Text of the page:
When I was a freshman in high school, I knew a girl named Dana.
Well…to be clear…I knew of her. That is to say, I knew who she was…had been in classes with her since the sixth grade…and had always had a general awareness of who she was and what she was about.
She was about Forenza v-necked sweaters and big coiffed hair and iridescent lipstick and all of the things that added up to one seriously popular girl during the mid-1980′s.
Don’t jeer, friends. I had to live through that era trying to attain all of this as the end-all-be-all.
Anyway. Dana was always surrounded by friends and smiling and laughing, as the seriously popular are apt to do.
Until her father died midway through our freshman year in high school. At which point she was absent for the customary couple of days for the necessary arrangements. Though I didn’t know her well, I thought about her while she was gone. Was she seeing a counselor? In bed under the covers? Too distraught to eat, let alone attend school?
And then she returned. I watched her curiously from across the room in our shared biology class for a telltale sign of what she had endured.
And you know what I witnessed?
Yup. Two days after her return, I witnessed her tossing her permanent waved hair and laughing at something or other that her seriously popular friends had said.
And I judged her. Right then and there.
Clearly, this was no way to behave in the aftermath of the death of a close family member. Where was the respect? The honor? Didn’t she know anything about how to grieve properly? How to play the role of The Girl Whose Parent Had Died? She obviously had not watched enough tear-jerking After School Specials on ABC.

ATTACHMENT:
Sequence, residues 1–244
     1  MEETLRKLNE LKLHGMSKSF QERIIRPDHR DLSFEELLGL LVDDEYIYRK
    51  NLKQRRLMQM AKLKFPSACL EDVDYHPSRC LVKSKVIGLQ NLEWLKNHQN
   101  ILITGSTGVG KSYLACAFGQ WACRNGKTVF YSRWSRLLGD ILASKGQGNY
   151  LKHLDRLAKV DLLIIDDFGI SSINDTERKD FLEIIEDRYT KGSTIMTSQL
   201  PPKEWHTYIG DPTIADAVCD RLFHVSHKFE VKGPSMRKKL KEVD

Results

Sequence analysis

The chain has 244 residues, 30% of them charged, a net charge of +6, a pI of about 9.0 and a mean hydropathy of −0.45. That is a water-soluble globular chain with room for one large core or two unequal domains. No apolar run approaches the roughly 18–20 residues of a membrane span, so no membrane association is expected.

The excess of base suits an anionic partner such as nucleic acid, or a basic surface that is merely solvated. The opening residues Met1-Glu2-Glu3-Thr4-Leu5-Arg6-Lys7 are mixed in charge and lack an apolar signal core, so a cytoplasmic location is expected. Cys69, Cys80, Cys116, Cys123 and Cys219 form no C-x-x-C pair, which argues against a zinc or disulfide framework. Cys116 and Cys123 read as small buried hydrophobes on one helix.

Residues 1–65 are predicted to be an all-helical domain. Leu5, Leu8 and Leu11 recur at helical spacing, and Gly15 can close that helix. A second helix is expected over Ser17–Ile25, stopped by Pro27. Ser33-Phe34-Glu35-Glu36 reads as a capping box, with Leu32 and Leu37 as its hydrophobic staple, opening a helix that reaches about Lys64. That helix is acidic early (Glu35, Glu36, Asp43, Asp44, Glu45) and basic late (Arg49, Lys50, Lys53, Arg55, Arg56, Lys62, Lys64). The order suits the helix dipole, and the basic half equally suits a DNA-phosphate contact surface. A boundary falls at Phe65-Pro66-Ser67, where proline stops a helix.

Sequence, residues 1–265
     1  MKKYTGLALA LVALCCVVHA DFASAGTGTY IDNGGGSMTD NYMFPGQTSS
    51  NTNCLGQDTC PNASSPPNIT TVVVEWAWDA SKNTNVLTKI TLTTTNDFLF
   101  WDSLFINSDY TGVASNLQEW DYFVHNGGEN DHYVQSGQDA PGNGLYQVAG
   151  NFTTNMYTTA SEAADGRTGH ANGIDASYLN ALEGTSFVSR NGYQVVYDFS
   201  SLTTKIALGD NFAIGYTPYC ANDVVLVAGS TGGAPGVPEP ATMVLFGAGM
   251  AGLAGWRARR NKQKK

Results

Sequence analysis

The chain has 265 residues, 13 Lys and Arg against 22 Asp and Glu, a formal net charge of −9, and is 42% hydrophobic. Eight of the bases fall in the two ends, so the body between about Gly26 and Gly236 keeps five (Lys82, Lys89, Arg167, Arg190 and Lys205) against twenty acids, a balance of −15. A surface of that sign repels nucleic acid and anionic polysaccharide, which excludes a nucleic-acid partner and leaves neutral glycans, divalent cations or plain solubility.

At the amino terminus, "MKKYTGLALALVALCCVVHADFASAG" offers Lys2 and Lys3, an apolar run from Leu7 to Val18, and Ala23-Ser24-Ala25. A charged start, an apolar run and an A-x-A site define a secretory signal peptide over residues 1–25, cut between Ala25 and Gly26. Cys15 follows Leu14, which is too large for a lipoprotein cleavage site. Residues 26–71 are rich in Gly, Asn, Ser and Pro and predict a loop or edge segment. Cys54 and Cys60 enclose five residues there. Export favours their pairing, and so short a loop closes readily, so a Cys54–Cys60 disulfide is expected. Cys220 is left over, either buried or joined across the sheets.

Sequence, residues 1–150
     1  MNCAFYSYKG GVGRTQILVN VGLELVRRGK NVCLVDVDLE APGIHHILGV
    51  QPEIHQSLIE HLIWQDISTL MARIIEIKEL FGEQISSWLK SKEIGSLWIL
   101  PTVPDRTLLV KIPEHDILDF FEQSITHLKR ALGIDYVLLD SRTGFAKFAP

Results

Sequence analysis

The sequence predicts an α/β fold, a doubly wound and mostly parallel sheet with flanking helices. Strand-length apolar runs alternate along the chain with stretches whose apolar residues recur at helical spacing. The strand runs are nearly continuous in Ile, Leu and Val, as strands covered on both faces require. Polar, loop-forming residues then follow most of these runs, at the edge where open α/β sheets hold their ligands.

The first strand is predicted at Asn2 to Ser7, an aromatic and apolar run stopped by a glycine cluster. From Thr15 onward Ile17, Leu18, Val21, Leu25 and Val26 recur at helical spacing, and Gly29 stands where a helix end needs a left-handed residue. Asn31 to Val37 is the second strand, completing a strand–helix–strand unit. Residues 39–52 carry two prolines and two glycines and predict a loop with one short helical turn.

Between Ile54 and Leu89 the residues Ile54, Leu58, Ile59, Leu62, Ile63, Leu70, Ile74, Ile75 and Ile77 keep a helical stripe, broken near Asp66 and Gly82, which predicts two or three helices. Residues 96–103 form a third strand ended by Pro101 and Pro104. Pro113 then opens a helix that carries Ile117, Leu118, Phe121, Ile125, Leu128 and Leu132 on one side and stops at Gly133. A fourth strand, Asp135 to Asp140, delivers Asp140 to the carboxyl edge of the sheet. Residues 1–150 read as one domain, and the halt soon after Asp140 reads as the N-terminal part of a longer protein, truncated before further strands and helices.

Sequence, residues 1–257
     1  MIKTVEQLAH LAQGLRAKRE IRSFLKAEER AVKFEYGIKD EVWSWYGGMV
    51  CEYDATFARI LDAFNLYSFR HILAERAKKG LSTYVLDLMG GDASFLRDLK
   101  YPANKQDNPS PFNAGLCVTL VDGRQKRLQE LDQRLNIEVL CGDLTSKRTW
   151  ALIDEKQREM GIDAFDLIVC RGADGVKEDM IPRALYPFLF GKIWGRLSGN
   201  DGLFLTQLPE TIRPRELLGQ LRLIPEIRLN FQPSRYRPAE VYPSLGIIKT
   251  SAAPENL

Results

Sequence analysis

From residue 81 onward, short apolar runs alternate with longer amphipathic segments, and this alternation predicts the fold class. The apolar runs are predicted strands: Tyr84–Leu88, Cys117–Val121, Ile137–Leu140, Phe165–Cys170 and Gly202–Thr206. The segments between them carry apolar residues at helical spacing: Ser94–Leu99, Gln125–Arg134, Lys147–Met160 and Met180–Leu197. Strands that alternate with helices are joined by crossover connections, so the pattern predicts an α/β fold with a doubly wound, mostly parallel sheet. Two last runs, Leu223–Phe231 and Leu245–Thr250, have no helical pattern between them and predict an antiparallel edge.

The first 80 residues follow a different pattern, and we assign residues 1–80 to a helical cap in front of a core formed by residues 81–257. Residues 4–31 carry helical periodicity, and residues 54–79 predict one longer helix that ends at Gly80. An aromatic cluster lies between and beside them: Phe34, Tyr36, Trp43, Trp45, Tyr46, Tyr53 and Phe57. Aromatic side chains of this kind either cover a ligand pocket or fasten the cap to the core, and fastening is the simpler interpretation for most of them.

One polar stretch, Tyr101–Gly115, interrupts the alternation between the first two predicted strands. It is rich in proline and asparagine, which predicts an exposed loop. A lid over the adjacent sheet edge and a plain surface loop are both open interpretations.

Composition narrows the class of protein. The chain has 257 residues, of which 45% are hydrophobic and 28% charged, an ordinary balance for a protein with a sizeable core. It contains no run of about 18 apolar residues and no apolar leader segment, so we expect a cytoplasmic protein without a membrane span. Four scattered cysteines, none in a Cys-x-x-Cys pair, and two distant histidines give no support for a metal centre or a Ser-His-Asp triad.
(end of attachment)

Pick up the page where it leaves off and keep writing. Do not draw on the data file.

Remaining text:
Because I was totally and completely an expert on the subject, right?
Time passed and fate twisted as it tends to do…and less than two years later, I was thrust into the role of The Girl Whose Parent Had Died.
After a not quite year-long battle with cancer, my mother died on a Thursday.
And what did I do on Friday?
I played in a varsity volleyball game. I will never forget the look on my teammates’ and coaches faces as I entered the gym that evening. It was quite certainly not unlike the look that I must have flung at Dana in biology class.
However, as I slammed volleyballs onto the opponents’ side of the court and hit the floor, arms outstretched, in an effort so save points, I felt some release.
Not healing…not instant wholeness…but release.
Just as Dana must have felt two years earlier as she laughed.
And now, 25 years later, I sit in front of my keyboard and allow these memories to fill my mind.
I feel indescribable thankfulness for the indoor beach party that I attended just over a week ago. Because my friend went back into the hospital for the last time the very next day.
And in writing about the goings-on of the past few weeks, I have felt some release. And I have witnessed others doing what they need to do in order to get by.
Gathering with friends to remember.
Providing home-cooked meals for our friend’s family.
Shopping trips with her teenagers to ensure that they will be properly outfitted for the services to come.
And yes…even some laughing.
Another’s grief, and the way they choose to get through it, is not mine to judge.
It’s something that each of us needs to do in our own way.
And you know what else? After posting this, I’ve decided that I want to step away for awhile.
To think…to reflect…to write…but not for an audience.
Those of you who have been with me awhile know that I have done this before.
I’ll let you know if and when I return…
And I trust that there will be no judgment.
Tell me…How do you do grief?